Dr Ann Henry is an Associate Professor in Clinical Oncology at St James’ University Hospital.
How did you become involved in academic research and why?
My initial interest in research started with the project I undertook as part of my medical undergraduate intercalated degree. It allowed me to focus in depth on a research question. Throughout my career I have sought out research opportunities and being a clinical academic has allowed me to develop a variety of skills and given me more personal career fulfilment.
What’s the best thing about your job?
The variety that combining a clinical and academic job brings. My learning through academic work challenges my pre-conceptions about the delivery of patient care and translates into direct patient benefits.
What has been the highlight of your career in academic research?
The opportunity to supervise students, seeing them develop and take ownership of a project, and eventually become independent researchers.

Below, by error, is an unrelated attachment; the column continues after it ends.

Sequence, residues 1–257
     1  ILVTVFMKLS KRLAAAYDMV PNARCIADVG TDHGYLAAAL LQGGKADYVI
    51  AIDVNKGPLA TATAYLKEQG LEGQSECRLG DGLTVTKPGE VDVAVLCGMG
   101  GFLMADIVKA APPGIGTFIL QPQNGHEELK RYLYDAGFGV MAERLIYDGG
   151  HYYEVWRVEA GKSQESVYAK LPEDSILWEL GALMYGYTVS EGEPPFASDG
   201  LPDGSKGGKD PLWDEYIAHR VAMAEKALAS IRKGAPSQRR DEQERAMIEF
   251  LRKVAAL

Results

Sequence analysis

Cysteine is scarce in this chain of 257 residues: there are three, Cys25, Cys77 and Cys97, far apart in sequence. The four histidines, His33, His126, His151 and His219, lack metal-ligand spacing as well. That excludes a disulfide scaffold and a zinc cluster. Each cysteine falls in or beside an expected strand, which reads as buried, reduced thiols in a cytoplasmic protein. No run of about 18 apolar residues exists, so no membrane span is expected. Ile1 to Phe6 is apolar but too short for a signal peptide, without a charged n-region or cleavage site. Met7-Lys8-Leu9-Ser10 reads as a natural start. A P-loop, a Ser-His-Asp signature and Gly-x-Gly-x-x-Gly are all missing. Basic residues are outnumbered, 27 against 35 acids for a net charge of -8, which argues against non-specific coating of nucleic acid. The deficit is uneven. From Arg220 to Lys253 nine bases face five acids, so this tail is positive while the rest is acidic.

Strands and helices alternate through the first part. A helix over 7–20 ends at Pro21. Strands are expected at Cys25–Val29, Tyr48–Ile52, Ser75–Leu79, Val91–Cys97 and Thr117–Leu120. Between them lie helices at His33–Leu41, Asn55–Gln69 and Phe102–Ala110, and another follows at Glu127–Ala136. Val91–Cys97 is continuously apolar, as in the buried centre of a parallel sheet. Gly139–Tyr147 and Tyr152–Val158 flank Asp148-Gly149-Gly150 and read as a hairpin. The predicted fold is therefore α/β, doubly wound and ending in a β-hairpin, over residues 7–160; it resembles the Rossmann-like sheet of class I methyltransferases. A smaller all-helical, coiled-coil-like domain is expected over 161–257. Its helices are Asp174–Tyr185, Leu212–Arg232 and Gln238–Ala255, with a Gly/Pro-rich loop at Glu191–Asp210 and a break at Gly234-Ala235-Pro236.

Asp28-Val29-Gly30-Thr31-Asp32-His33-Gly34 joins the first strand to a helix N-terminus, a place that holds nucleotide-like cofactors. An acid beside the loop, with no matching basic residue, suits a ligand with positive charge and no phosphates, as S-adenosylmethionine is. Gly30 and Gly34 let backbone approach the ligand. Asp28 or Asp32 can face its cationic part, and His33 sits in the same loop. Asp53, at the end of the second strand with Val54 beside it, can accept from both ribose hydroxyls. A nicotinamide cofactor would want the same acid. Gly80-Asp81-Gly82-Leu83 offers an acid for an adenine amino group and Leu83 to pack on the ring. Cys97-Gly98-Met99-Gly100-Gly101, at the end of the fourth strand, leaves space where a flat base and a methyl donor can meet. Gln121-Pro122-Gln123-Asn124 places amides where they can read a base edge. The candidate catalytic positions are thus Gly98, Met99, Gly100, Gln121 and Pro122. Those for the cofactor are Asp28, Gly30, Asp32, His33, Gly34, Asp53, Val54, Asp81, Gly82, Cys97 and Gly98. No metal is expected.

Why should more women get involved with academic research?
To get the best people into research, our academic staff need to come from the entire medical workforce and reflect the diversity in our society.
What advice would you give to women considering a career in academic research?
Develop your own sense of self-belief, be brave and don’t fear failure. We all struggle at times with work life balance and general work stress but focus on specific objectives that are achievable within a timeframe.
Is there a woman you look up to or is inspirational in academic research? And if so why?
As a radiation oncologist I have always admired Marie Curie, the pioneer in discovering radioactivity and the first woman to win a Nobel Prize. She combined her research career with a busy family life, leaving a great legacy for society.
Read more interviews with inspiring women working in clinical radiology and oncology